The event area includes Main Street from Nance to Graham Street, McKibben Street from Boyce to Friend Street, Caldwell Street from Boyce to Friend Street, College Street from Boyce to Friend Street, Coates Street from Main to Friend Street, Lindsay Street from Main Street to the Newberry County Courthouse parking entrance, Wilson Street from Main to Friend Street and Boyce Street from Nance to Caldwell Street.
Motion to approve the request was made by Councilperson Carlton Kinard and seconded by Councilperson David Force.
The second approved request was for the Juneteenth celebration on Saturday, June 17 from 10 a.m. until 4 p.m. This would allow event patrons to travel the event area with an alcoholic beverage of beer or wine only, by foot, if they are carrying the allowed beverage in a plastic cup. Event patrons will be carded and over 21 wristbands provided by an event vendor.
The event area includes Main Street from Nance to Lindsay Street, Boyce Street from Nance to College Street, McKibben Street from Harrington to Friend Street, Caldwell Street from Boyce to Friend Street, College Street from Boyce to Friend Street, Coates Street from Main to Friend Street and the Coke mural parking lot (corner of McKibben and Harrington Streets).
Motion to approve the request was made by Councilperson Jackie Holmes and seconded by Kinard.
Also under new business, first reading passed of an ordinance to provide for amendments to the revenue and expenditure appropriations in the fiscal year 2022-2023 budget. This adjustment of $152,560 is needed to account for the completion of renovating downtown intersections.
DeWitt said the stamped intersections downtown had received a lot of wear and were in need of being updated.
DeWitt said they were looking at a more long-term solution and that council had decided to go with a thermoplastic application for the intersections of Main and Caldwell, Main and College, Main and Lindsay and Main and Calhoun Streets. While the product used in the past in these intersections was meant to last 5-10 years, DeWitt said the city was hoping this new application process would last up to 20 years.
To complement the existing brickwork downtown, city staff suggested going with a similar color and possibly similar brick design in the application found at the intersection of Main and McKibben Streets which contains original brick pavers laid when the streets of downtown Newberry were paved.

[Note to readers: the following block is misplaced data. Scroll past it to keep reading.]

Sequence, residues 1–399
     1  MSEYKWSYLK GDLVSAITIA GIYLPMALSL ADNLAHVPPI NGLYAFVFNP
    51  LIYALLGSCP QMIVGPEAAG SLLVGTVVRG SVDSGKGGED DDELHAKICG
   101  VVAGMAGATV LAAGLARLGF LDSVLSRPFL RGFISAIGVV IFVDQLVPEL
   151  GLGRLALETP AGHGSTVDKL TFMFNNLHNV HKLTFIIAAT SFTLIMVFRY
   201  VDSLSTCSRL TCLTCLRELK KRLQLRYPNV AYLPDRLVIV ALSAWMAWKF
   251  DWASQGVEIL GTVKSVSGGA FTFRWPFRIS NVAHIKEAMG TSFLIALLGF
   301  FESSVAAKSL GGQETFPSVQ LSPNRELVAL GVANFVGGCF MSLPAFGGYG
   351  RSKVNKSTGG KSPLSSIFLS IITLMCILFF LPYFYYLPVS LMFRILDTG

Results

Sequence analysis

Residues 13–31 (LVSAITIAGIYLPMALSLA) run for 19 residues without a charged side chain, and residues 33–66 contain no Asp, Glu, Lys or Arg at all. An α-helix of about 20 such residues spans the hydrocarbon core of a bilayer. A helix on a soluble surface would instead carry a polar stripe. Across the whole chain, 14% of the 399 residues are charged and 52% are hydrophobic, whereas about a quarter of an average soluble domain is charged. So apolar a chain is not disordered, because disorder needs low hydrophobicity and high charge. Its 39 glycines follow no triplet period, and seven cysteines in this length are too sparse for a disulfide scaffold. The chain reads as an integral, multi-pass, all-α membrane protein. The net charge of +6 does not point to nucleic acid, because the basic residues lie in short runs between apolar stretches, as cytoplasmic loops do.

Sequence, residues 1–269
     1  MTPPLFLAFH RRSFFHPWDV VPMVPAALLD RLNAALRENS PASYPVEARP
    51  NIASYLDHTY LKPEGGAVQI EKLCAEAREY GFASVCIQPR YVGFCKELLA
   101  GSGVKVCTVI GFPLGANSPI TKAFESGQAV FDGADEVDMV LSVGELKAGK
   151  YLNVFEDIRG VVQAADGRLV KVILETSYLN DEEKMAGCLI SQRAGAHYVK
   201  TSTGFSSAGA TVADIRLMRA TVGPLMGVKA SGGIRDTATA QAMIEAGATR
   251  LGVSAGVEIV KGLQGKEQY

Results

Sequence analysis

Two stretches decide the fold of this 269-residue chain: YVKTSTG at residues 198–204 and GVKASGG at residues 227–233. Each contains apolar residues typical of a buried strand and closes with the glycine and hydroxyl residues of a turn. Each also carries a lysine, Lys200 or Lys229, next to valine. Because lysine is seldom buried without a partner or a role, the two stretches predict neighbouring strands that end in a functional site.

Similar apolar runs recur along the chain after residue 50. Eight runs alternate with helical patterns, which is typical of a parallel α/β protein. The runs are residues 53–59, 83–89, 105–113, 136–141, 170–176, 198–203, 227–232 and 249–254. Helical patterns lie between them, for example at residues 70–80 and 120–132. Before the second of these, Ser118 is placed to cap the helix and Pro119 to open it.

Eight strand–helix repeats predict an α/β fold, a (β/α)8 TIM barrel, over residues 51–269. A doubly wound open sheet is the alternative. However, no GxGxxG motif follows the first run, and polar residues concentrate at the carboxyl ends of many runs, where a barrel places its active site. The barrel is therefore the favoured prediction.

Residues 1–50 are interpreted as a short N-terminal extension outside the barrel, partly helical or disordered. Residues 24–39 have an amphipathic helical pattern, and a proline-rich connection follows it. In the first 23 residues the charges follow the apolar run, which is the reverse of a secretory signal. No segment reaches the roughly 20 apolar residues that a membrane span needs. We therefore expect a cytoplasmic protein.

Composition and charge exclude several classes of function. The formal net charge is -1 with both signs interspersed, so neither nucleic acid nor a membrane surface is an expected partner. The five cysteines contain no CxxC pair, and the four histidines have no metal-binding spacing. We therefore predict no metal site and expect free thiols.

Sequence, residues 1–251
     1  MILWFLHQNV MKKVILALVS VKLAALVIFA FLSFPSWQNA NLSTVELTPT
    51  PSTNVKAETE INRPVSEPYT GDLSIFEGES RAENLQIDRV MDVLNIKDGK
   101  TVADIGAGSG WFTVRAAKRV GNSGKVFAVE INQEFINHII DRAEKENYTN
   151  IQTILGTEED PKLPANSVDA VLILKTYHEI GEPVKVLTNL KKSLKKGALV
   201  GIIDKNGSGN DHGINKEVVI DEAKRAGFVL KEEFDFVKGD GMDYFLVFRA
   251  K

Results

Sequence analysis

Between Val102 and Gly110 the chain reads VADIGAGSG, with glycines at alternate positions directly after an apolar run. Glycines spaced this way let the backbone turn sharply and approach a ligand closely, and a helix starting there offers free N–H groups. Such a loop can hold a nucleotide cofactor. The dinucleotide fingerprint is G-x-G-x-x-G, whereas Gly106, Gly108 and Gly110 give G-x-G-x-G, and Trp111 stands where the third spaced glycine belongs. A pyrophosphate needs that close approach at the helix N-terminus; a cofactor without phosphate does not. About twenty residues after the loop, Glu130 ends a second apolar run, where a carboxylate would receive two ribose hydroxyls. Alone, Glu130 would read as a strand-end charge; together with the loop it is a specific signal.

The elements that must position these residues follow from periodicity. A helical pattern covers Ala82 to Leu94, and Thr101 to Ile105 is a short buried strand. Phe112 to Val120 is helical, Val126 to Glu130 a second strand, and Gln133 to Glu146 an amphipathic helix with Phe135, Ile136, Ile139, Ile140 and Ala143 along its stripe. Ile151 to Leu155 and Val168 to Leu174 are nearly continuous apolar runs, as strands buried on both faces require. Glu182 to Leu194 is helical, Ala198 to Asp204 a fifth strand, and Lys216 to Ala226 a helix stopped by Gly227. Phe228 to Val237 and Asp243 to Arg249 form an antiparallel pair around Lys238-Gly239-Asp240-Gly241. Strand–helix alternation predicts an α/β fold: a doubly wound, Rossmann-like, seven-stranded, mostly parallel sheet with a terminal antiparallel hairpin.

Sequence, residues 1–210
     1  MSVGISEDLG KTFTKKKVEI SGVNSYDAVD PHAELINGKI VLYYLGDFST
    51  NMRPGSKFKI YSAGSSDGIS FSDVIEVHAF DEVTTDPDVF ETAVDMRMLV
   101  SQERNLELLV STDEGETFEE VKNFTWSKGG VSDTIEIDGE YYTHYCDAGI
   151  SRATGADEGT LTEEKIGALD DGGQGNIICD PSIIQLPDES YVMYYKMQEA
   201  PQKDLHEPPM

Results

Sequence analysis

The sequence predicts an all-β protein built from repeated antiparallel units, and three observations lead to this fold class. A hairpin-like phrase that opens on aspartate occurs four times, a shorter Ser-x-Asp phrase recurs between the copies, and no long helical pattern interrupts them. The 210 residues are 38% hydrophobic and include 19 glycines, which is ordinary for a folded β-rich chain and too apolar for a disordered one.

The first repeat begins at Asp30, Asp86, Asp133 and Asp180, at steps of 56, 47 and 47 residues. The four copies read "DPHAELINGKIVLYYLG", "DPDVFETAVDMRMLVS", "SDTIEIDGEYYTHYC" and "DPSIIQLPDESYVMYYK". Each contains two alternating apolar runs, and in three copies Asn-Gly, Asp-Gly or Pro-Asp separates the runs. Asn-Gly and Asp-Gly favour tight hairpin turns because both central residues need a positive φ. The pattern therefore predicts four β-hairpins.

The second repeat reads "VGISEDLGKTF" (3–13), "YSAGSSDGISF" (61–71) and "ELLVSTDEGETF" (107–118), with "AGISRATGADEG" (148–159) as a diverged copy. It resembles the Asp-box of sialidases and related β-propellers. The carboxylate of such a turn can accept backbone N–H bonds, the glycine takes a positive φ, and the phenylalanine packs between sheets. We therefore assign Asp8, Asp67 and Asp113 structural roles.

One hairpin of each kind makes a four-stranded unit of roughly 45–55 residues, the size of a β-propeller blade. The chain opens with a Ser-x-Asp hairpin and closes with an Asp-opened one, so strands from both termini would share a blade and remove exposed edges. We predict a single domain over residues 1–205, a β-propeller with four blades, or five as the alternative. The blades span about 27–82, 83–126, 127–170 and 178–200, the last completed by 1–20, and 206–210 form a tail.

Within the next few months, DeWitt said the city anticipated SCDOT to repave Main Street and once paved, the intersections could receive the thermoplastic treatment in a days’ time, causing minimal disruptions to businesses and traffic.
DeWitt said the city had received a $75,000 appropriate from the state which would cover one intersection, as well as allow the city to purchase an LED display board for downtown. The location has not been determined, he said, but possibly in front of the home of the new Newberry Arts Center and would allow the city to partner with downtown merchants to put messaging out for the community.
The remaining funding for the intersections would be funded through the city’s general fund budget in the amount of $102,560.
Motion to approve first reading was made by Glasgow and seconded by Councilperson Wicker.
A motion was then made by Kinard and seconded by Holmes to allow city staff to make decisions to close off a part of the city streets, if needed, for the South Carolina Bike Walk Trails Summit being held in Newberry on June 8-9.
Senn said the conference would have 50-100 attendees coming to look at how to have better bike and walking trails throughout South Carolina. He said they were interested in possibly having an outdoor classroom downtown and demonstrations on reverse angled parking. Because of this, council wanted to allow for city staff to close a street for a minimal amount of time if necessary while the conference was downtown.
Community member, Chris Kemper gave public comment Tuesday and called upon council for several actions including a phased approach for Main Street repaving, activity in line with the 2020-2030 city comprehensive plan, and operations that would allow for more transparency.
City Council’s next regular meeting will be held on Tuesday, June 13 at 7 p.m.
PMPA Scholarship recipients from left to right: Shaquil Good, Alyssa Ward, Bethany Sawyer and Abigail Yi.
Council with their recognition as honorees on the Municipal Elected Officials Institute of Government's Honor Roll.